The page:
RUSSELL: Right, right. After we have Christmas Eve dinner we always have somebody read The Night Before Christmas, and then we track Santa's movements on the app. Right after that, you start getting things in shape because at any point he can show up.
Q: Goldie, you were raised Jewish. Do you still keep any Hanukkah traditions?
HAWN: Growing up, we'd light candles for Hanukkah, but I think my mother stopped lighting them because I was on the phone once, and I backed up to the Hanukkah candles. You know the wall phones back in the day? I had wrapped myself in the cord, and I caught on fire. I literally burned my robe and my back. It's like, Baruch atah ... My mom came, and they unravelled me and, thank God, I'm fine.
Q: Is the plan to keep re-teaming on more Christmas Chronicles films?
RUSSELL: We have no idea what Netflix wants to do there. I've never been big on sequels, but that was 50, 40, 30 years ago. Now sequels aren't even sequels anymore. We've just cyclically found our way around to making television. You go to the movies and you're seeing television because there's a serial aspect to it.
HAWN: It's like Marvel.
Q: You've seen the industry go through a lot of changes. What are your thoughts on the state of Hollywood in 2020?
HAWN: We're all trying to figure out what to do. I mean, when you look at how AMC has only so much money to exist before it goes away. When you see that big screen and people are in there engaging, there's nothing like it. It makes me very melancholy to know that that could be over.
However, there's more content now than ever, and not only that, there's a place for content. We're looking at incredible talent. Like Succession, the acting is amazing. But the one thing I wonder about all of that is will there be any movie stars? That thing of the old days when there were these glamorous movie stars and people that you just couldn't wait to go see. I don't know if that will happen again. What do you think?
RUSSELL: I think the question is will there be an arena for that? Without the arena, those movie stars don't happen. That cultural aspect doesn't happen.
Q: Speaking of an arena, Kurt, you've said in the past that celebrities shouldn't really weigh in on politics. Do you still feel that way?
RUSSELL: Totally. I've always been someone who felt we are court jesters. That's what we do. As far as I'm concerned, you should step away from saying anything so that you can still be seen by the audience in any character. There's no reason entertainers can't learn just as much as anybody else about a subject, whatever it is. But I think that what's sad about it is that they lose their status as a court jester. And I'm a court jester. That's what I was born to do.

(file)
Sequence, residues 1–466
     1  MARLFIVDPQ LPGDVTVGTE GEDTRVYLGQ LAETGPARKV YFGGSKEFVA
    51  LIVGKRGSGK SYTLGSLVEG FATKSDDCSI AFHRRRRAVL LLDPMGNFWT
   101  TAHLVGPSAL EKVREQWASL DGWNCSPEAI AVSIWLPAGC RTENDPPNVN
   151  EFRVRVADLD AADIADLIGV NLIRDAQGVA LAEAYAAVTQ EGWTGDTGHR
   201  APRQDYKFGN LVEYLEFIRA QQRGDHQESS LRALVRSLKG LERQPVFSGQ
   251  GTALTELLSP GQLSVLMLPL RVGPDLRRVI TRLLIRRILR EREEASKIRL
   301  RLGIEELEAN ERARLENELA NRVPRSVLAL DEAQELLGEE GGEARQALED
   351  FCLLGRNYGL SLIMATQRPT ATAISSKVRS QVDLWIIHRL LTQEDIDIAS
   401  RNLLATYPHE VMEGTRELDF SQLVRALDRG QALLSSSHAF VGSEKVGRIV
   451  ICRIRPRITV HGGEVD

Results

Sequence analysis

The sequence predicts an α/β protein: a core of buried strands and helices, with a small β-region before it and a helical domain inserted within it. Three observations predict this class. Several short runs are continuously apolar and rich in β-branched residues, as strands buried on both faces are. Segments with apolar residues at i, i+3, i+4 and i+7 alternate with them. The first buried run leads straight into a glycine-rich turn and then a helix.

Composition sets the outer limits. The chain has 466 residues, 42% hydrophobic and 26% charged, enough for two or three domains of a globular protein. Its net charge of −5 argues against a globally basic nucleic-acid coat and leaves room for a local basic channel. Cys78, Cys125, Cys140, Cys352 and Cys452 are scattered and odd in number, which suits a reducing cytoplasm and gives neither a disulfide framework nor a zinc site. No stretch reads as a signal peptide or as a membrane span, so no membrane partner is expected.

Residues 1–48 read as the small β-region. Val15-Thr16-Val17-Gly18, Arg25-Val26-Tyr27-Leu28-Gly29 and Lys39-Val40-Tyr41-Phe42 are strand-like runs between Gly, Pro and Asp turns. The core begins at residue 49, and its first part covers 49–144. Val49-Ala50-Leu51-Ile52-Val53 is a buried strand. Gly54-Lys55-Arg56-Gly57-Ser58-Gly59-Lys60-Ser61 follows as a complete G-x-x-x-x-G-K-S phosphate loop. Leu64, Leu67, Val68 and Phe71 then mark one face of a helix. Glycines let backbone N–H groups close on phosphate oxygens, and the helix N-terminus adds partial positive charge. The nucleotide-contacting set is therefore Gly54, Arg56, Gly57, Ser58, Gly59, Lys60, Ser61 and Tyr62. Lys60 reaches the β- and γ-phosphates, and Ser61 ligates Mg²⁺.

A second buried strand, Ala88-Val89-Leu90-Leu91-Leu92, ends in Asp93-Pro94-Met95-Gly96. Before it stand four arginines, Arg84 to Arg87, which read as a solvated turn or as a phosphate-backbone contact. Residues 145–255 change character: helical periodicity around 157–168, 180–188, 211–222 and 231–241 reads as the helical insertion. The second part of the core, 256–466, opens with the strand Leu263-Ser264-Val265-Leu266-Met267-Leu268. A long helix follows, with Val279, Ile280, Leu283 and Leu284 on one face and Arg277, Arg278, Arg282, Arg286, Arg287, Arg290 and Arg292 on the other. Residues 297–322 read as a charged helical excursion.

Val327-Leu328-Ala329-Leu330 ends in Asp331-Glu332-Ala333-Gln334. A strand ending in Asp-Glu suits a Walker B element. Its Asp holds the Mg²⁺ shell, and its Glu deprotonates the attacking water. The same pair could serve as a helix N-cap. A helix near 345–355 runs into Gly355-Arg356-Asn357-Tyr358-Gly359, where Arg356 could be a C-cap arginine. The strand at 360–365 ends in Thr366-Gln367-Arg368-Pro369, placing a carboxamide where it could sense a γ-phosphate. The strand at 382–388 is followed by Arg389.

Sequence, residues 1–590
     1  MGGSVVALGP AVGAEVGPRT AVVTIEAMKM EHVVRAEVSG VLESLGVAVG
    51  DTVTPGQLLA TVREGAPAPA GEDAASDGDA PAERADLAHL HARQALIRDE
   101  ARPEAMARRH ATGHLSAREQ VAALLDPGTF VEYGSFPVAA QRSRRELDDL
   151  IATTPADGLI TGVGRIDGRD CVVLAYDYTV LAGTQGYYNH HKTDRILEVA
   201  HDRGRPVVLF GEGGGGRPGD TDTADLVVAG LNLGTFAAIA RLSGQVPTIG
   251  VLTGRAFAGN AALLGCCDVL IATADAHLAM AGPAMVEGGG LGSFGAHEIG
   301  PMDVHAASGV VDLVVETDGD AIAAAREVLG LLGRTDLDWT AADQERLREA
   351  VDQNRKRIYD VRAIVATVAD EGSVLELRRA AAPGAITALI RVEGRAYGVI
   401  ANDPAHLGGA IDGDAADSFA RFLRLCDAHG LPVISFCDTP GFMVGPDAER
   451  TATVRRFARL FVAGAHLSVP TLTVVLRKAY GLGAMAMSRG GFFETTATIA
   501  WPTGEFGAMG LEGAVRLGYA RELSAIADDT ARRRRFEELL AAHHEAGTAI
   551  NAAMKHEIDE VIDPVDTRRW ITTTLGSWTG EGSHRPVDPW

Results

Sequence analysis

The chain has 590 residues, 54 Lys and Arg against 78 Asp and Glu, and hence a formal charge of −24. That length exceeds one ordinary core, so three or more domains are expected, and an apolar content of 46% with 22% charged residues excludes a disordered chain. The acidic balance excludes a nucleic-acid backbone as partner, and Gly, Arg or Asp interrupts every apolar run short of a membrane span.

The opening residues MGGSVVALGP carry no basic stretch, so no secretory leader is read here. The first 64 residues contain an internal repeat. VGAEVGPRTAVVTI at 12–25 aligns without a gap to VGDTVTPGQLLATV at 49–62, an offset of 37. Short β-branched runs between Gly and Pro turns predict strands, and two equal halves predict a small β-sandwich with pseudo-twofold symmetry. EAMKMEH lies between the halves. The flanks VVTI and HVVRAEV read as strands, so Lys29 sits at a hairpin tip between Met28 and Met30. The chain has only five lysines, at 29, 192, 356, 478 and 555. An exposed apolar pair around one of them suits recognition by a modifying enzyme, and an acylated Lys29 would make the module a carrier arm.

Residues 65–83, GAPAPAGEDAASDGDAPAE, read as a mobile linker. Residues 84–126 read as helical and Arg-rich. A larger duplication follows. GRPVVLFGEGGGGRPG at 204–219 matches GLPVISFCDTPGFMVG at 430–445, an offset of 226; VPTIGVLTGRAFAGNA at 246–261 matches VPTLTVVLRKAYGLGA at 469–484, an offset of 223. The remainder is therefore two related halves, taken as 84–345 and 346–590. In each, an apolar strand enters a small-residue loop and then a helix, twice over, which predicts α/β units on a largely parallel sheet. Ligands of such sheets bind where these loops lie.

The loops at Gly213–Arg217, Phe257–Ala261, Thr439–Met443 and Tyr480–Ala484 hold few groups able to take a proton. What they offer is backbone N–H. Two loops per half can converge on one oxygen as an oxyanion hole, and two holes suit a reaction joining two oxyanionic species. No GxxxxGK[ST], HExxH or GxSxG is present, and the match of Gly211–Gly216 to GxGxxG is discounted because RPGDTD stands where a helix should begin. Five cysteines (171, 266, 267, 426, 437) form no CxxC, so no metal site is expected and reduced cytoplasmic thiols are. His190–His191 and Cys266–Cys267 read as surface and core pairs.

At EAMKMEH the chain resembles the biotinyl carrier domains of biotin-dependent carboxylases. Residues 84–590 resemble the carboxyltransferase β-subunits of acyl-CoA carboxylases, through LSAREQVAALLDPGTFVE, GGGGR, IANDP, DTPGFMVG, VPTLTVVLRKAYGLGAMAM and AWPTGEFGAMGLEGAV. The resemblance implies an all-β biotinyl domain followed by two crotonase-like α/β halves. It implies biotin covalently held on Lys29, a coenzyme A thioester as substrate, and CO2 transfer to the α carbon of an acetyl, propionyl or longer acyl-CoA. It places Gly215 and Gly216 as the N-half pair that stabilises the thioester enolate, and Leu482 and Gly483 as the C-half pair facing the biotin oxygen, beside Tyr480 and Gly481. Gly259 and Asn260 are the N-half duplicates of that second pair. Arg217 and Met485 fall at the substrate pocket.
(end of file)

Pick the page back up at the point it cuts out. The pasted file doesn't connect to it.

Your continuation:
HAWN: You're not always funny.
RUSSELL: A court jester isn't always funny. A court jester is the only one who can walk into the castle and put the king down as long as he doesn't hit too close to home. I think that's been a big, important part of all cultures throughout history, and I'd like to see it stay in ours.
HAWN: But we did have a president who was an actor, Ronald Reagan.
RUSSELL: Like I said, actors can learn as much as anybody else can.
HAWN: Well, I'm just saying Reagan definitely was a well-known actor. I think it's a personal choice whether you want to get into that. The one thing I don't agree with is that just because we have a platform we always have to use it. That is our choice.
Q: What's left on your career bucket list?
HAWN: I really don't have anything that I'm dying to do. I want to live a happy life, and I have that. I want to be able to go places, but right now, we can't do that. If a movie comes along and it's great, that could be fun. Other than that, I want to be with the grandkids.
RUSSELL: It's still fun to act. I don't know why that is. By now, it shouldn't be.
HAWN: I think there's a reality here, and the reality is not so much for Kurt or for certain kinds of men who do certain kinds of movies. But for people that had careers such as mine, you have to get real. There is a finite amount of time that you get to do what you want to do.
RUSSELL: I'm honestly more interested in the kids' careers than what's going on in mine.
HAWN: Oliver is doing a pilot for a series, and maybe also my grandson. So if it works out, I said, "Is there a mother who comes around every now and then? Anybody want to hire me as Oliver's mother and Bodhi's grandmother?" So, I'm just looking for the fun and not the career. I'm so grateful to have had the career that I have.
RUSSELL: You've had a pretty good one.
Q: It sounds like your grandkids will continue the acting tradition, too.
HAWN:There is no doubt about it. It's pretty amazing how those genes just keep moving on.
RUSSELL:There's only a few families in history that have as many people in it that are at the level that our family is. It's not something we promote. It's just something that if it comes to them and they want to do, then they do it.
Q: You've both talked about not getting caught up in the industry, despite your successes. How has that approach shaped your lives?
HAWN: In terms of our family, we tried to not work at the same time. But sometimes we were gone. [In the 1990s] Kurt was gone for five months during Backdraft, so everybody missed Kurt. I was gone almost six months when I was doing Everyone Says I Love You and The First Wives Club.
RUSSELL: We did the best we could, and I think our kids benefited from the good decisions, and they obviously didn't benefit from the decisions that were either bad or didn't turn out. It's life.
HAWN: I mean, you've got to have something to go to a psychiatrist about. [Laughter]
Written by: Ashley Spencer
Photographs by: Ryan Pfluger